"This transformation has a lot of
negative potential. Politicians can
abuse television by using it to accuse
each other of ridiculous things."
Significant portions of N.C. politics
have become dominated by 30-second
television spots and million dollar
campaigns, he said.
"Big, expensive television cam
paigns have become the norm," he
See PRICE, page 5
Sarah Pritchard, senior program of
ficer for the association, said, 'The
ranking doesn't reflect total quality of
the library. It is a quick way for us to
access if a library is eligible for mem
bership in our organization."
Pritchard said she was concerned that
people would read too much into the
rankings. The number of libraries in the
ranking varies from year to year, mak
ing it difficult to compare research li
braries, she said.
But Donald Boulton, vice chancellor
for Student Affairs, called the budget
cuts a blow to the heart of the University.
set to leave University
By Karen Schwartz
The University's Office of Waste
Reduction and Recycling is looking for
a new recycling coordinator to manage
what has become one of the biggest
programs in the state.
Rhonda Sherman-Huntoon, the
University's recycling coordinator since
March 1990, is leaving today to take a
job in the N.C. Office of Waste Re
duction. Sherman-Huntoon said she consid
ered the new job a career advancement.
"I'm certainly not leaving because
I'm unhappy with my job here," she
said. "It's just a great opportunity."
Physical Plant Director Herbert Paul
said the position of coordinator called
for someone who could manage the
University's programs, which now
collect 50 to 60 tons of newspaper,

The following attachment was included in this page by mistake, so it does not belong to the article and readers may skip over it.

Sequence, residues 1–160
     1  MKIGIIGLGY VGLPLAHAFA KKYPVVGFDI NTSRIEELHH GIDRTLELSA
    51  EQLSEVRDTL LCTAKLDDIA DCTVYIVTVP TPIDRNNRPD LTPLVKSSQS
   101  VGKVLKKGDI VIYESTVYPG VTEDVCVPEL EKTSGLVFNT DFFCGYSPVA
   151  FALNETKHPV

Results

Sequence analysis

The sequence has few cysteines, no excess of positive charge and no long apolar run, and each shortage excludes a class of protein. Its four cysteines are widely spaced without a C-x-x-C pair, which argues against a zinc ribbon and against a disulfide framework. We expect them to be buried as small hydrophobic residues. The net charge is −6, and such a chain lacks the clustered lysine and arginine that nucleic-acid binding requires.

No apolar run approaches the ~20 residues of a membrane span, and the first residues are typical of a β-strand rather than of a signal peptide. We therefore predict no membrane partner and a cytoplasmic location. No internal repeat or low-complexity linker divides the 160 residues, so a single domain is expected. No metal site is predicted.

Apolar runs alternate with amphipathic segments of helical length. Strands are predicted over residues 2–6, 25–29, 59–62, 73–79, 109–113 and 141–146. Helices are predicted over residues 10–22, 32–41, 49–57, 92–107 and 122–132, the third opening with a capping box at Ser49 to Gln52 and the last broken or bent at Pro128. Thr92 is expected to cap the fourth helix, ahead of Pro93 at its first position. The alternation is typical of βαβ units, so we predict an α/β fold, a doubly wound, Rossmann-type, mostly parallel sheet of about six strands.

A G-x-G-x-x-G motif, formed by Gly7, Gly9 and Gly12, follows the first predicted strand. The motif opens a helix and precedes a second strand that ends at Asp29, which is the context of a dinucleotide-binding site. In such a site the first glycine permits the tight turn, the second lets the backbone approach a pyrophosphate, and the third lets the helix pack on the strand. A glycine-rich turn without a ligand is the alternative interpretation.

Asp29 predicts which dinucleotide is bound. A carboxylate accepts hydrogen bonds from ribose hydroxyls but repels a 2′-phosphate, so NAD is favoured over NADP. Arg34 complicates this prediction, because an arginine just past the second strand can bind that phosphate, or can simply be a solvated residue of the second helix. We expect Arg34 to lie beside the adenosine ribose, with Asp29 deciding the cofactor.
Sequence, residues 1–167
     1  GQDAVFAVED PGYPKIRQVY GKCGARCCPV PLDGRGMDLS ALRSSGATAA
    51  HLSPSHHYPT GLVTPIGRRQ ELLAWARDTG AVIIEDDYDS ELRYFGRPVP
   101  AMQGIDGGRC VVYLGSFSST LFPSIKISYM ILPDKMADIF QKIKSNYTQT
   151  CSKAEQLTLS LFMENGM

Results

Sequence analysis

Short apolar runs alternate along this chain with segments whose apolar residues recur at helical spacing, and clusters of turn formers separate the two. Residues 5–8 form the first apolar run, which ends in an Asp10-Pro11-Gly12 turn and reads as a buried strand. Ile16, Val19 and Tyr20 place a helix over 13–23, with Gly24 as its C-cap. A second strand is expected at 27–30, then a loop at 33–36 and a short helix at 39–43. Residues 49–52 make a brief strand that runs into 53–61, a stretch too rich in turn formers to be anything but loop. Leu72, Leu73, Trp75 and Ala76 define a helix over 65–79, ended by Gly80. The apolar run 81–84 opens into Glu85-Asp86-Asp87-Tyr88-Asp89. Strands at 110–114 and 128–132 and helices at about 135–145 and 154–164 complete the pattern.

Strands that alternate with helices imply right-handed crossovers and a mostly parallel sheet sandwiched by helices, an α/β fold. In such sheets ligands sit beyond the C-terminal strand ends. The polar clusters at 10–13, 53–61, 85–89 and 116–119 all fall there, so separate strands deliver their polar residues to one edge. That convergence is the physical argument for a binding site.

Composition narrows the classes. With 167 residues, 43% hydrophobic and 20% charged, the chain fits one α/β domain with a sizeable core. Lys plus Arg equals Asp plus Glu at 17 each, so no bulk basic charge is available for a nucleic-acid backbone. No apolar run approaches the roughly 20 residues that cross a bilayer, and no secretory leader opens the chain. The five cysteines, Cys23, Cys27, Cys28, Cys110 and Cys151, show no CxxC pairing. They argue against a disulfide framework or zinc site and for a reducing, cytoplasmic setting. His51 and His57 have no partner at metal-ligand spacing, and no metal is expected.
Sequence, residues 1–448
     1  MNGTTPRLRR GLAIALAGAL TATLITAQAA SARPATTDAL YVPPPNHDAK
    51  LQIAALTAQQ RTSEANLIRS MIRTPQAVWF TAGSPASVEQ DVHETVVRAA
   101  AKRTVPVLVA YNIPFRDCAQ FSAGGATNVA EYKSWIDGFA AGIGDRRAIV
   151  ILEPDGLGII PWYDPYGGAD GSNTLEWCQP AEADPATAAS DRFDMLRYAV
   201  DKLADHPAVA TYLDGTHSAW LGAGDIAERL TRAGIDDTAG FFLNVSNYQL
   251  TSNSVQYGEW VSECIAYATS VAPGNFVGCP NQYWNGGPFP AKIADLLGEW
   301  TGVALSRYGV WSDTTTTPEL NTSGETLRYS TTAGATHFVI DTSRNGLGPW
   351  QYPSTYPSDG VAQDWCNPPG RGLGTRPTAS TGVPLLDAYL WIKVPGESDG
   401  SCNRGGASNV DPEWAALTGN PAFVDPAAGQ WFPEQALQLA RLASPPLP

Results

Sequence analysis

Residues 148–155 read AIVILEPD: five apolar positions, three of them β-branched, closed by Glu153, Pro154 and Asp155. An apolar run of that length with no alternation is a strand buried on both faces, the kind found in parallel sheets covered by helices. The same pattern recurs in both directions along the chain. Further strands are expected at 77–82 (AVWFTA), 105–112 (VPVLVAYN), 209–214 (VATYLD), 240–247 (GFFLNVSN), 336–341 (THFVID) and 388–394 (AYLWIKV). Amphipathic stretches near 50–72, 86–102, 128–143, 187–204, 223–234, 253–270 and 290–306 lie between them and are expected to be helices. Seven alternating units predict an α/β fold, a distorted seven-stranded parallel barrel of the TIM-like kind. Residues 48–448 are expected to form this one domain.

cardboard, aluminum, plastics and
mixed paper each month.
"Our recycling program is pretty
mature," he said. "It's going to be even
tougher now to find an individual than
when Rhonda came on. The position
requires a lot of logistical planning, an
ability to work with people and mar
The University's recycling has
probably doubled in the last year, which
adds pressure in finding a capable co
ordinator to fill Sherman-Huntoon's
position, Paul said.
The position falls into a state salary
grade that ranges from $24,000 to
$37,000 a year, he said.
Sherman-Huntoon said although
budget cuts had reduced her office's
fiifmif i iimniiifliiir inif'Y r
support for raising fuel efficiency standards
26 to 40 miles per gallon. See story, page 3.
"The budget cuts put a special kind of
hurt on our libraries," Boulton said. The
University could suffer permanent
damage from the cuts, he said.
A report from the University's Li
brary Administrative Board, which will
be presented to the Faculty Council
today, said the budget cuts could destroy
the libraries' ability to buy books.
"In 1984, our libraries ranked 13th in
the nation," the report stated. "It does no
longer. To restore the losses from the
last five years would require a minimum
See LIBRARY, page 11
funding, recycling programs had not
been affected. .
"It would have been nice to have a
field coordinator and super-expensive
equipment," she said. "I just found in
See RECYCLING, page 11
CAMPUS AND CITY
International festival promises culturally
diverse programs 3
ARTS AND FEATURES
Black Ink presents African-American
perspective on campus issues 5
Blowout anticipated for UNC-Clemson
game Saturday 9
World briefs 4
Comics 1 1
TODAY: Mostly cloudy; high 60-65
SATURDAY: High 45-50
1991 DTH Publishing Corp. All rights reserved.